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    Carlos Saura Atarés (4 January 1932 – 10 February 2023) was a Spanish film director, photographer and writer. With Luis Buñuel and Pedro Almodóvar, he is considered to be among Spain's great filmmakers. He had a long and prolific career that spanned over half a century, and his films won many international awards.

    Saura began his career in 1955 making documentary shorts. He gained international prominence when his first feature-length film premiered at Cannes Film Festival in 1960. Although he started filming as a neorealist, Saura switched to films encoded with metaphors and symbolism in order to get around the Spanish censors. In 1966, he was thrust into the international spotlight when his film The Hunt won the Silver Bear at the Berlin International Film Festival. In the following years, he forged an international reputation for his cinematic treatment of emotional and spiritual responses to repressive political conditions.

    By the 1970s, Saura was the best known filmmaker working in Spain. His films employed complex narrative devices and were frequently controversial. He won Special Jury Awards for Cousin Angelica (1973) and Cría Cuervos (1975) in Cannes, and he received an Academy Award for Best Foreign Language Film nomination in 1979 for Mama Turns 100.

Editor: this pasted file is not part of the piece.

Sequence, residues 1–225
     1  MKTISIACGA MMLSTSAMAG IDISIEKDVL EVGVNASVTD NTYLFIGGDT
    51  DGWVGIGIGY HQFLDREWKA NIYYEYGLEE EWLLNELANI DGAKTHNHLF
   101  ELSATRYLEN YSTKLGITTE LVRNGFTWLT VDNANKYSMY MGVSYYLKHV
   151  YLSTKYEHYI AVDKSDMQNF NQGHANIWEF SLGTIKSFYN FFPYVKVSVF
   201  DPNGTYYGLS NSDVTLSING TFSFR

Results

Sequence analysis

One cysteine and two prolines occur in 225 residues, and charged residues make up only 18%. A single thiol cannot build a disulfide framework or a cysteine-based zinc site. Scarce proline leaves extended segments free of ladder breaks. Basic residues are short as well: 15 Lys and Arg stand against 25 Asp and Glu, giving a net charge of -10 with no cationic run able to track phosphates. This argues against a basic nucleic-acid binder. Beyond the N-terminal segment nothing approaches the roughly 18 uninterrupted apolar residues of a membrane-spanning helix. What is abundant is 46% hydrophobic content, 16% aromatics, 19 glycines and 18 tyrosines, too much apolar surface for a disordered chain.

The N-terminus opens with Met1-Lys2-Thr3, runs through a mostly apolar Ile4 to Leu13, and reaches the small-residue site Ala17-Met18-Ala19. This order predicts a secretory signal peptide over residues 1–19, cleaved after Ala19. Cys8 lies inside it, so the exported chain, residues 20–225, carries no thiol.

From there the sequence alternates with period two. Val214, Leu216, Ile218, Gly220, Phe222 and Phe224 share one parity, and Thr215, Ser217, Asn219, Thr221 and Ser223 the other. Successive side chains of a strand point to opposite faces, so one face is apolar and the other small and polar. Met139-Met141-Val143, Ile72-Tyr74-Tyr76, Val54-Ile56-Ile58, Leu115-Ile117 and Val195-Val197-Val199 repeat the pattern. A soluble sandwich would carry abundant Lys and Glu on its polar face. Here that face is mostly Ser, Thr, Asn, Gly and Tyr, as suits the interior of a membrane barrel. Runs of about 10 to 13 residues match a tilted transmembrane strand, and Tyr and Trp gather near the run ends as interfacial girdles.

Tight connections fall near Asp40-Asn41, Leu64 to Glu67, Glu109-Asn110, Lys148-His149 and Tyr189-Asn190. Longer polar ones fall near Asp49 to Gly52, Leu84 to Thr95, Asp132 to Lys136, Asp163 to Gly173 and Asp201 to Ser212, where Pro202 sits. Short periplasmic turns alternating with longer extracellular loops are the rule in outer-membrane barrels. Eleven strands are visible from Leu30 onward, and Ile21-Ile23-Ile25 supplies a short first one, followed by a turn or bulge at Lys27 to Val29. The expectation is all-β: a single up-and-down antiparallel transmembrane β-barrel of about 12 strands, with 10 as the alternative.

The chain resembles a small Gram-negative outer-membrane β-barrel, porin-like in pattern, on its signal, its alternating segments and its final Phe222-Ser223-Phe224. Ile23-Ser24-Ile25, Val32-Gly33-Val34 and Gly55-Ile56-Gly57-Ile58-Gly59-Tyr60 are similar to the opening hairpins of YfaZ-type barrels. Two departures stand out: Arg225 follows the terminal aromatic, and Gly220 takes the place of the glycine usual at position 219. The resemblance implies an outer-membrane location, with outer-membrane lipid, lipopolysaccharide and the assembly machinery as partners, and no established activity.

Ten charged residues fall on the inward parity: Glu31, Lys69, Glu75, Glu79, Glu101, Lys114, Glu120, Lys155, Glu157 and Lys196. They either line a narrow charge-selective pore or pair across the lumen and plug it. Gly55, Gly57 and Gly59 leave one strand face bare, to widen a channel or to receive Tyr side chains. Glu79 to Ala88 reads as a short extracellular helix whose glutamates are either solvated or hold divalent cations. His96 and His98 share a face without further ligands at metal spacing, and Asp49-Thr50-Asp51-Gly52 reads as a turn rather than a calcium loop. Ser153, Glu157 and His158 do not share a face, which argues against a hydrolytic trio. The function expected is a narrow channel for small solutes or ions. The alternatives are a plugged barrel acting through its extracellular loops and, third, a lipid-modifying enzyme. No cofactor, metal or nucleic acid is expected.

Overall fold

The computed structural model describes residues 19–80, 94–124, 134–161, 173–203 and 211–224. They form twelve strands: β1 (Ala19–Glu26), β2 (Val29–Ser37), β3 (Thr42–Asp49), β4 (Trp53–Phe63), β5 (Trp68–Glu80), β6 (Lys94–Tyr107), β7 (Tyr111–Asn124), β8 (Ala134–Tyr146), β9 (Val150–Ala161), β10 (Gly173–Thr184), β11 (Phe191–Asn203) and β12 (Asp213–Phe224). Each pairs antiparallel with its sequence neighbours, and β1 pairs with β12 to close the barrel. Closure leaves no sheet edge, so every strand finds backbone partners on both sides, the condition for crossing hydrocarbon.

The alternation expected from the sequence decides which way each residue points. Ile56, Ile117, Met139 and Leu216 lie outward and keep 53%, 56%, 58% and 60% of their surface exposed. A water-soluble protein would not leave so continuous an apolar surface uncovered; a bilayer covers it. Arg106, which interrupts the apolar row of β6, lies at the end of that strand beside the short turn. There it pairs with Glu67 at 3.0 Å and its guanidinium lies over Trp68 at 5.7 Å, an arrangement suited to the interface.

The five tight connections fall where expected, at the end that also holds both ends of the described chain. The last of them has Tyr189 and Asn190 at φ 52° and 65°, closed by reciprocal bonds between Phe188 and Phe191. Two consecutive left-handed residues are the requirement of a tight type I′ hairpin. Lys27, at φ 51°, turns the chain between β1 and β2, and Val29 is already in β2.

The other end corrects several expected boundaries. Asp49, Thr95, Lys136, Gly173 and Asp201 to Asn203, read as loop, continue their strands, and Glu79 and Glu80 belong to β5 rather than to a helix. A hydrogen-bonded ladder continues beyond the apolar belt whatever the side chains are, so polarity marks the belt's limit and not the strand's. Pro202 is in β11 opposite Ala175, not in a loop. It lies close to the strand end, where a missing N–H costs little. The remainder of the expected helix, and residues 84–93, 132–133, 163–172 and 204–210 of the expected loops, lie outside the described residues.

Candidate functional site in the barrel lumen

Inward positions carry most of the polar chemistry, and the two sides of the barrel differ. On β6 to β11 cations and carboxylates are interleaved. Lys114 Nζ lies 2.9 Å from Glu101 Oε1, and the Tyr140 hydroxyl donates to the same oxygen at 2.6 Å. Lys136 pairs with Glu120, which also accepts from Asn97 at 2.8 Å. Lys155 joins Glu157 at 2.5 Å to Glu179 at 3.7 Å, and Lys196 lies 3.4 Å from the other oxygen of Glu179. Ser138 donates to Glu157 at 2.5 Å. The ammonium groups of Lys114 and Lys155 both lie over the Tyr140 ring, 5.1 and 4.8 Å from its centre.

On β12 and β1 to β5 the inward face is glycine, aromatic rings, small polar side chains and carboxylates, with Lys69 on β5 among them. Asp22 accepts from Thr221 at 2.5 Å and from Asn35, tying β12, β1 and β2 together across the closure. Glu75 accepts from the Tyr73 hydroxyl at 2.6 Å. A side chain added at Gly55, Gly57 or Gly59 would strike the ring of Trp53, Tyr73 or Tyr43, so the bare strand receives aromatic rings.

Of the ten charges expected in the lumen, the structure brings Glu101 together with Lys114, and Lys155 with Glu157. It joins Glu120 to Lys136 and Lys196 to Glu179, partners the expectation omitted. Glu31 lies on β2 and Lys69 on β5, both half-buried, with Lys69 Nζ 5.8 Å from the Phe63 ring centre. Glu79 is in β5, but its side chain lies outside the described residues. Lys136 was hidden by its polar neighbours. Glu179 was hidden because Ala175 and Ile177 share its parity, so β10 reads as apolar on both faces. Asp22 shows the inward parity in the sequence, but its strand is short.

In the 1980s, Saura was in the spotlight for his Flamenco trilogy – Blood Wedding, Carmen and El amor brujo, in which he combined dramatic content and flamenco dance forms. His work continued to be featured in worldwide competitions and earned numerous awards. He received two nominations for Academy Awards for Best Foreign Language Film for Carmen (1983) and Tango (1998). His films are sophisticated expression of time and space fusing reality with fantasy, past with present, and memory with hallucination. In the last two decades of the 20th century, Saura concentrated on works uniting music, dance and images.

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